Page 2 - The Michigan Daily- Monday, January 12, 1987
Feminists wary of ERA battle IN BRIEF
WASHINGTON (AP) - The
National Organization for Women
is determined to prod the Equal
Rights Amendment through Con -
gress again, but other feminists
aren't so sure they're ready for an
emotional repeat of the 1970s ERA
The ERA was one of the first
pieces of legislation introduced to
the new Congress last week, and its
host of sponsors drew encour -
agement from the new Democratic
majorities in the Senate and the
House. NOW, the nation's most
visible women's rights group, has
made the amendment its top pri -
But the last ERA attempt
sputtered to an ignominious end
less than five years ago after a
decade's struggle, and some wo -
men's activists wonder if it is too
soon to begin a new, draining fight.
"I don't agree that it will happen
now," said Irene Natividad, chair -
woman of the National Women's
Political Caucus. "Everybody gets
tired," she said.
Columnist Ellen Goodman asked
whether the ERA, through its
perennial introduction, would be -
come the "Harold Stassen" of
amendments," referring to the
Minnesota politician whose re -
peated bids for the presidency never
got him close to the White House.
Goodman wrote, "Is it a year to
mount another full-fledged battle for
its passage? Not by my reckoning."
The ERA would prohibit dis -
crimination based on sex.
"This has been a 63-year strug -
gle already so we don't shy away
from it," said Judy Goldsmith, who
chaired NOW in 1983 when sup -
porters could not muster the ne -
cessary two-thirds majority and the
ERA was defeated on the House
floor. "But it also seems foolhardy
to beat our heads against a situation
that is not likely to meet with
success this time around."
ELEANOR Smeal, who de -
feated Goldsmith for the NOW
presidency with a vow to take the
fight for women's rights "back to
the streets," had ready answers for
those who would prefer to wait a
few years for a more hospitable
political climate for the ERA.
"Obviously I would prefer a pro-
president, a far bigger margin in
both houses (of Congress), and a
better atmosphere politically," she
said. "circumstances are not ideal on
any issue dealing with women's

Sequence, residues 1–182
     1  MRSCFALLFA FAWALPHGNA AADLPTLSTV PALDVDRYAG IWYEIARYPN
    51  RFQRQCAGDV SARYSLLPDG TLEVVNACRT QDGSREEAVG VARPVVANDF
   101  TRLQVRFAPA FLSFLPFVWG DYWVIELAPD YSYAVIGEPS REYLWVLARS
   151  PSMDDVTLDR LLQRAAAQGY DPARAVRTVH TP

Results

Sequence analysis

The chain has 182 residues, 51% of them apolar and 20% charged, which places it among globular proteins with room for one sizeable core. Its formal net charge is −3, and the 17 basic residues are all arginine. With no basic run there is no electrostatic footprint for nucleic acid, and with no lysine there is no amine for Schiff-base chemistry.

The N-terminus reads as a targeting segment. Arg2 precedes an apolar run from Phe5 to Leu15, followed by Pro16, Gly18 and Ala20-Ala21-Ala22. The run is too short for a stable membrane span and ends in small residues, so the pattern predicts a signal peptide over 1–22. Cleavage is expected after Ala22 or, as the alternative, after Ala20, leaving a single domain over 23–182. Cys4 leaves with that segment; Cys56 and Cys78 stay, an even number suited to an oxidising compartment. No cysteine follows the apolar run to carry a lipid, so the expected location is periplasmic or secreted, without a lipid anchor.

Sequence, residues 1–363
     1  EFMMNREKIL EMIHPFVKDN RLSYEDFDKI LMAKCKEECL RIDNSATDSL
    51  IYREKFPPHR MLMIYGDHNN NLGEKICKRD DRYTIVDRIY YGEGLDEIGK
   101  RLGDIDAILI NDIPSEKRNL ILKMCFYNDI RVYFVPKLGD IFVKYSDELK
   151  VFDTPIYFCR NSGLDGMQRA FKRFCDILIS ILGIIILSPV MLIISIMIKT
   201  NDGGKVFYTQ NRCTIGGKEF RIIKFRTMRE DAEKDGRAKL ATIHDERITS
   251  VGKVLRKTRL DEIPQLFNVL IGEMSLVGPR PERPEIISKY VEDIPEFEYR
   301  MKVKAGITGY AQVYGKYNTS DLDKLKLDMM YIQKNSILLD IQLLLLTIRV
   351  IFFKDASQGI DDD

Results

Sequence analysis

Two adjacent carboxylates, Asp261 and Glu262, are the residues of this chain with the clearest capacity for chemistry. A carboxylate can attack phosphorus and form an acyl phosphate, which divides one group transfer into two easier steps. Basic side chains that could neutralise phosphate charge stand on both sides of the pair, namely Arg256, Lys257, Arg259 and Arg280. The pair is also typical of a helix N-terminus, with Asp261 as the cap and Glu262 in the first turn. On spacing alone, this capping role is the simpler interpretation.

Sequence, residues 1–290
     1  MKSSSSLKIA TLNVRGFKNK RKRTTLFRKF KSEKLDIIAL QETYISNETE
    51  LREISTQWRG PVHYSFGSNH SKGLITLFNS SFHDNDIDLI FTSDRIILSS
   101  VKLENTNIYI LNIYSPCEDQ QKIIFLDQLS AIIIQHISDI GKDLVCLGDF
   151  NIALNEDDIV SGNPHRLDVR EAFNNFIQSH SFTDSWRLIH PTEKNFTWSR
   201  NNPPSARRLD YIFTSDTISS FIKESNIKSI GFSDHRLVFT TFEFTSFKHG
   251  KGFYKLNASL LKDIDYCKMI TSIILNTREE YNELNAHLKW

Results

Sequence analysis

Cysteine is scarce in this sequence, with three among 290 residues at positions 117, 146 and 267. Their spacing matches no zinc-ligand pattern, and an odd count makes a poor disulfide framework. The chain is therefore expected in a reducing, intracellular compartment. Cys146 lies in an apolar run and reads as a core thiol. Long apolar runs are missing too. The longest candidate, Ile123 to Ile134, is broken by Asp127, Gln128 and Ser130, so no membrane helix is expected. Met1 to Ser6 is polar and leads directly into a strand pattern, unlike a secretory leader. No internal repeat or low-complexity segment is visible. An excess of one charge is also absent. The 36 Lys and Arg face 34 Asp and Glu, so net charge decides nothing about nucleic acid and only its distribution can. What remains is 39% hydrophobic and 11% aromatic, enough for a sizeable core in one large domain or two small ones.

rights. But have they ever been?"
Goldsmith, Natividad and others
talk of smaller battlegrounds that
they believe can be more easily
fought and won for women - pay
equality, better child care, national
maternity leave rules, and re -
storation of the Civil Rights Act.
Smeal, however, is impatient
with the argument that other fights
should be fought first.
"We're never going to see equal-
ity for women in the basic eco -
nomic thing if we have to go law
by law, program by program,.
statute by statute. As soon as we
fix one up, another one's undone,"
Like any constitutional amend -
ment, the ERA faces formidable
obstacles: it needs approval by two-
thirds of Congress, then must be
ratified by three-quarters of the
Compiled from Associated Press reports
Rucimagel to leave
for Atlanta position
(Continued from Page 1)
criticized a discussion draft of the
emergency procedures that the
council released last spring. "We
still don't see a need for the
University to use academic sanc-
tions to control our behavior out of
the classroom," said Ken Weine,
member of the Student Rights
Committee and past member of the
Sociology Prof. Howard Brab-
son, a member of the council, said,
"All the proposals and drafts that
the students are presenting now are
just delaying tactics."
The council was designed as a
democratic body to gather equal
input from the students, faculty,
and administration, but partici-
pation has not been equal on all
sides. Frequent absences and
vacancies of the faculty and admini-
strative representatives have hin-
dered the council's progress.
"Out of the three administrators
that we are supposed to have, we
have only had one since
September," said Diller.
David Newblatt, another student
member, agrees. "It's kind of
strange that on one hand we are
feeling pressure for not producing
fast enough, but on the other the
administration is not holding up